Incendiary Words

Trail Mix: Trump's gifts to civics teachers everywhere


"Nobody should be allowed to burn the American flag - if they do, there must be consequences - perhaps loss of citizenship or year in jail!" DONALD TRUMP wrote on Twitter early Tuesday morning.

However, as the U.S. Supreme Court ruled 5-4 in 1989's Texas v. Johnson, the values that America represents include the free-speech right to burn the symbol that represents American values.

Antonin Scalia, the conservative justice Trump intends to replace with a like-minded jurist, voted to protect flag burning, despite his revulsion for it.

"If it were up to me, I would put in jail every sandal-wearing, scruffy-bearded weirdo who burns the American flag," Scalia said shortly before his death in February. "But I am not king."

Some observers speculated that Trump was setting up a trap: Inevitably, those protesting Trump will want to show their defiance of his statement by burning flags — the sort of action that could help turn the majority of Americans who despise flag burning against the protestors.

Trump isn't the first politician who has pushed for restricting flag burning in the years since the Supreme Court's decision. The Flag Protection Act of 2005 proposed to ban burning the American flag as an act of intimidation or incitement to violence. The bill's original co-sponsor? Sen. Hillary Clinton, then representing New York. (DANIEL WALTERS)


Three weeks after DONALD TRUMP became President-elect, at least one thing hasn't changed: Trump spouting that the election was rigged, despite having no evidence to support his claim.

Trump won the election with more than 300 electoral college votes, but he lost the popular vote by at least 2 million. But according to Trump's Twitter feed, he did, in fact, win the popular vote — if you don't count the millions of illegal votes.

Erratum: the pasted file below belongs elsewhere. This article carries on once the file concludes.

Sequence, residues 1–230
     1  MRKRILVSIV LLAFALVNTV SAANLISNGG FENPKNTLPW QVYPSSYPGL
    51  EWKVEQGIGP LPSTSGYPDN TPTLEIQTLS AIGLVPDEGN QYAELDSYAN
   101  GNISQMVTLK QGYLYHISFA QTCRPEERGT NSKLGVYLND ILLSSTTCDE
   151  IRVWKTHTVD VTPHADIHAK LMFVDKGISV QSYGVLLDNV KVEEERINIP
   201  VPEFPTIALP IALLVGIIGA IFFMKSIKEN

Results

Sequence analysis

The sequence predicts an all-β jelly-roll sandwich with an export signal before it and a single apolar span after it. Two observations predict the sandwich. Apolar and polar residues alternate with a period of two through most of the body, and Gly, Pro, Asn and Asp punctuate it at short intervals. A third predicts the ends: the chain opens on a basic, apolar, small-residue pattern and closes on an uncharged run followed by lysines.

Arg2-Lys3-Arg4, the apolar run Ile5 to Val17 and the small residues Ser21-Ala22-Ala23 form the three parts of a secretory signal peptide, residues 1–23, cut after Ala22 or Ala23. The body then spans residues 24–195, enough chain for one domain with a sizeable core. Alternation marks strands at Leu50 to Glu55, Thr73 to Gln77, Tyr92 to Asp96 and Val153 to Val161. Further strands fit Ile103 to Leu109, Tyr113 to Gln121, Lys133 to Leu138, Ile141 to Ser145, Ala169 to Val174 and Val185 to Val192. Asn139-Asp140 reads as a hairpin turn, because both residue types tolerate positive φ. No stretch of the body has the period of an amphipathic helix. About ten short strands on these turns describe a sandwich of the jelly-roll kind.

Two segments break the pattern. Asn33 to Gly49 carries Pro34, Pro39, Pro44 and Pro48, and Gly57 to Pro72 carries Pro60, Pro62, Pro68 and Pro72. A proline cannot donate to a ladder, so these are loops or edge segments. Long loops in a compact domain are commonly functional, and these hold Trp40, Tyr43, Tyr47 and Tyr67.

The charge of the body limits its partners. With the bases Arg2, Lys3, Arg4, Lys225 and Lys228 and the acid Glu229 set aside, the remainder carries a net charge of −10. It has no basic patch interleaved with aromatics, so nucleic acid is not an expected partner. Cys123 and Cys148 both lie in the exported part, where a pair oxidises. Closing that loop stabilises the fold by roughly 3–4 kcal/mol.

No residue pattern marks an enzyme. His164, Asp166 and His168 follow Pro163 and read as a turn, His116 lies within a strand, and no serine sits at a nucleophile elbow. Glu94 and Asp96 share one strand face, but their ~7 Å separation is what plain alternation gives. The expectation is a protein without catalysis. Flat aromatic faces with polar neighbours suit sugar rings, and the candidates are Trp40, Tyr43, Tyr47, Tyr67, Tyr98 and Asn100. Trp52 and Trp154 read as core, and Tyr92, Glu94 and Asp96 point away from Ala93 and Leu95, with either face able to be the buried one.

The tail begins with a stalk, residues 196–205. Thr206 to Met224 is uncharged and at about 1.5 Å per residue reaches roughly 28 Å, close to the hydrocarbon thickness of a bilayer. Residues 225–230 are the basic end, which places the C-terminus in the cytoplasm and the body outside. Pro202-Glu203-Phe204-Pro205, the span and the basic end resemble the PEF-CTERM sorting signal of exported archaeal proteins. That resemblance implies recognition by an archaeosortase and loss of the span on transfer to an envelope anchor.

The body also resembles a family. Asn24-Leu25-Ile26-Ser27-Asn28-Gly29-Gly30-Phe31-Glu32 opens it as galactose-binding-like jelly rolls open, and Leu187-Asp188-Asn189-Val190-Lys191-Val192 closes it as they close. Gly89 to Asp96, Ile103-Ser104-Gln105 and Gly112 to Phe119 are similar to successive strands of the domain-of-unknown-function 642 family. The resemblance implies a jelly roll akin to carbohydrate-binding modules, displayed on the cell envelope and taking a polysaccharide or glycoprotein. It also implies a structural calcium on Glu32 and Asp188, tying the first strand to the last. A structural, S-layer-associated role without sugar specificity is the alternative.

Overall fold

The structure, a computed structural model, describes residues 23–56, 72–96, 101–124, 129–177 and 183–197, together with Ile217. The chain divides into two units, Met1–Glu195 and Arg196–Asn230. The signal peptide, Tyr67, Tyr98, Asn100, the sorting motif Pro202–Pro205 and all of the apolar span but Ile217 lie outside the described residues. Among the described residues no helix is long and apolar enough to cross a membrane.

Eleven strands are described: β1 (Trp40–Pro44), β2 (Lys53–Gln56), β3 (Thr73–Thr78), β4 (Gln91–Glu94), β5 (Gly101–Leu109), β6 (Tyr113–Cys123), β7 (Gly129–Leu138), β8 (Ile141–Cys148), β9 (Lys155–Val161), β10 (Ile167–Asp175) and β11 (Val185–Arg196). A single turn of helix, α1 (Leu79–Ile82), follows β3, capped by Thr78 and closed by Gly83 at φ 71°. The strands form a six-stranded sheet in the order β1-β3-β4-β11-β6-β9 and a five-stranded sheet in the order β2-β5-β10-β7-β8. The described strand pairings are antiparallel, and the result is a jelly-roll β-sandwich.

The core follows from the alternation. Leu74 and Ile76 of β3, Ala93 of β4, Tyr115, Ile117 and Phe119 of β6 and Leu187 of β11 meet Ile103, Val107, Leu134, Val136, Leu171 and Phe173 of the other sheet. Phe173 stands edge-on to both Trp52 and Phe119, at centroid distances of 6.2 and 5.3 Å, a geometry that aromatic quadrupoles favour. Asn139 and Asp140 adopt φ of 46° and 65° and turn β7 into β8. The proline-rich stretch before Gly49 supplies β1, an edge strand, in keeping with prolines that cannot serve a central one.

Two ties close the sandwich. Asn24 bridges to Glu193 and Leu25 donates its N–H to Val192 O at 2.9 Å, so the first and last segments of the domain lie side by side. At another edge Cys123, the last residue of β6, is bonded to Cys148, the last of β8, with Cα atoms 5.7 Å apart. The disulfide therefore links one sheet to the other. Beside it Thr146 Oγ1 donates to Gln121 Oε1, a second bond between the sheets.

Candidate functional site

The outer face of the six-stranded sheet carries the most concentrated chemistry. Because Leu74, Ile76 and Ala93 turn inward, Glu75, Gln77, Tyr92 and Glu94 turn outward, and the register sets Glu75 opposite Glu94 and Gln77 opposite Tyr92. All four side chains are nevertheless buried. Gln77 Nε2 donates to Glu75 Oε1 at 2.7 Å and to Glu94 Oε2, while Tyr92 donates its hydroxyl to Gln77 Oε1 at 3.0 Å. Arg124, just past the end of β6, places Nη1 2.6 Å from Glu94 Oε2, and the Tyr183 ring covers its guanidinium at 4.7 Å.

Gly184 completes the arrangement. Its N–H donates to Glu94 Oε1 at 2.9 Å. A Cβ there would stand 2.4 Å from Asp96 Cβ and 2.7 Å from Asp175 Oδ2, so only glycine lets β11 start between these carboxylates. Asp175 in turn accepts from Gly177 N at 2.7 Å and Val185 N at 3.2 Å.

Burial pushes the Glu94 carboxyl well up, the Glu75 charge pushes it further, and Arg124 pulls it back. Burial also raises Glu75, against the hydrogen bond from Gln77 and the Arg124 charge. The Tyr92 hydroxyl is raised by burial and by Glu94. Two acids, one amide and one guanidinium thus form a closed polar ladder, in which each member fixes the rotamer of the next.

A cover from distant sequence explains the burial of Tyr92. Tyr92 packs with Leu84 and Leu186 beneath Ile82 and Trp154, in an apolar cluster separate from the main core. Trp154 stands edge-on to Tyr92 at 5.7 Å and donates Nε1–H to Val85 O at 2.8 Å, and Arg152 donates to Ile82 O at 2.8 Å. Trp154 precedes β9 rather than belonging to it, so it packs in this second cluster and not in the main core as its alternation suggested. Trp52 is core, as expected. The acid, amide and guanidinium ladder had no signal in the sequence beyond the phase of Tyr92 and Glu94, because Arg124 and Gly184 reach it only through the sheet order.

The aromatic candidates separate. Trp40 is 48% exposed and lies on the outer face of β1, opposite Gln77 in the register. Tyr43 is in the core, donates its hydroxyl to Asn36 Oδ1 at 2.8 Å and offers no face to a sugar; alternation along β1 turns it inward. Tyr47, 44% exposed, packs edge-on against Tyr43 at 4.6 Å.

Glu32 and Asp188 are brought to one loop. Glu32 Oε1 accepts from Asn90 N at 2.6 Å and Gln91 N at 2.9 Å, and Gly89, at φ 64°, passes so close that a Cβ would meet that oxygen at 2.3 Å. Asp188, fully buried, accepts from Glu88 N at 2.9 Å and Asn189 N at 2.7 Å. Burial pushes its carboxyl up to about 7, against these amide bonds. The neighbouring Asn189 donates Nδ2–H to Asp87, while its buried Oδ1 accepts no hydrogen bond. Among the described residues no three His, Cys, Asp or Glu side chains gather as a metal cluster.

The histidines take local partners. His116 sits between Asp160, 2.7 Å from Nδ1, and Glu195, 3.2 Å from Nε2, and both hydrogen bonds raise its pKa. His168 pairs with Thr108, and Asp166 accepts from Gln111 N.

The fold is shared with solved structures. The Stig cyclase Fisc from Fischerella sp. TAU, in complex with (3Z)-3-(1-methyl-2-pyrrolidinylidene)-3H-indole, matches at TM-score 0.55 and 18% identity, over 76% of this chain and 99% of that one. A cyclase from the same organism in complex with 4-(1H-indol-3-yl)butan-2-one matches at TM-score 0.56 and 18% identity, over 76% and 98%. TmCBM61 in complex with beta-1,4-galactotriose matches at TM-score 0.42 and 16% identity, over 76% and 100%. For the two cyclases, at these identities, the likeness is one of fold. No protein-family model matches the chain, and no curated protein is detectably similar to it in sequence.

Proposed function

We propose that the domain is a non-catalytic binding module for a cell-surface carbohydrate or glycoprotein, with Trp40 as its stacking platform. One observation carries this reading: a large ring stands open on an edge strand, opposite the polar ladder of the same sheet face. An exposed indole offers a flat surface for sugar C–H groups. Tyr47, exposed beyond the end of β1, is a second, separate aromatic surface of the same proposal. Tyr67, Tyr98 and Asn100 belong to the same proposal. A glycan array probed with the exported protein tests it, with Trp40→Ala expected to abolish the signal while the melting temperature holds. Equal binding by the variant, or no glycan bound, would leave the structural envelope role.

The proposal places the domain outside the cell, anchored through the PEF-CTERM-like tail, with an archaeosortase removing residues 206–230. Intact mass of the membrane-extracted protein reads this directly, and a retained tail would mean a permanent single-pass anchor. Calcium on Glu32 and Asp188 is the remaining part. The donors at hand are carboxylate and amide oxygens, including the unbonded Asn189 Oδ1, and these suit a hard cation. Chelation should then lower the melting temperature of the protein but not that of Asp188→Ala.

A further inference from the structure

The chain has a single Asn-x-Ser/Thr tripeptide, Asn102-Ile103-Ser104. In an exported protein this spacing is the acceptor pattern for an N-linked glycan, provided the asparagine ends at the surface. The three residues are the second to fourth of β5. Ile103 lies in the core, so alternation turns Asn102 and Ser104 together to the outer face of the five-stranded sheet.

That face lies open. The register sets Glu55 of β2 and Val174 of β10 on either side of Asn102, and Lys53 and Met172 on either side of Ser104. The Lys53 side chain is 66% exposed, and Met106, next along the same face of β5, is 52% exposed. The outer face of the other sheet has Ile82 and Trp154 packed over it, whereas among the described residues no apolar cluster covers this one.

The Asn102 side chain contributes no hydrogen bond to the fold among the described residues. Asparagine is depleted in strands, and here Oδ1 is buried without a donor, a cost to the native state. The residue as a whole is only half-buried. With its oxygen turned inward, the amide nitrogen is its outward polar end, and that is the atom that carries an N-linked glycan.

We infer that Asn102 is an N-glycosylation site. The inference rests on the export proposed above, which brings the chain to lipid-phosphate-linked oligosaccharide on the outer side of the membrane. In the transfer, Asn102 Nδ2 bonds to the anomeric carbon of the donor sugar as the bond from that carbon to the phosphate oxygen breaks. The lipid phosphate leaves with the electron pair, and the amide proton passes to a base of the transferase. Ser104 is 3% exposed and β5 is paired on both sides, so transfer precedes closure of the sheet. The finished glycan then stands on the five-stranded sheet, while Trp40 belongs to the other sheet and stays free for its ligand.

Again, by every indication, this is false. There's no evidence to support his claim. But that didn't stop Trump from bashing reporters after they found no evidence to support his false claim; in other words, when they failed to prove a negative. Trump retweeted a 16-year-old Oakland Raiders fan who told Jeff Zeleny, a CNN senior Washington correspondent, that he had "no sufficient evidence that Donald Trump did not suffer from voter fraud, shame!" Trump then added, "Bad reporter."

Trump's remarks come as Green Party presidential candidate Jill Stein and the Clinton campaign have pushed for a recount in three swing states — Wisconsin, Michigan and Pennsylvania. But even after winning, Trump is the one claiming that the election was rigged against him, and challenging the media to prove him right. (WILSON CRISCIONE)

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About The Authors

Wilson Criscione

Wilson Criscione is the Inlander’s news editor. Aside from writing and editing investigative news stories, he enjoys hiking, watching basketball and spending time with his wife and cat.

Daniel Walters

A lifelong Spokane native, Daniel Walters is the Inlander's senior investigative reporter. But he also reports on a wide swath of other topics, including business, education, real estate development, land use, and other stories throughout North Idaho and Spokane County.He's reported on deep flaws in the Washington...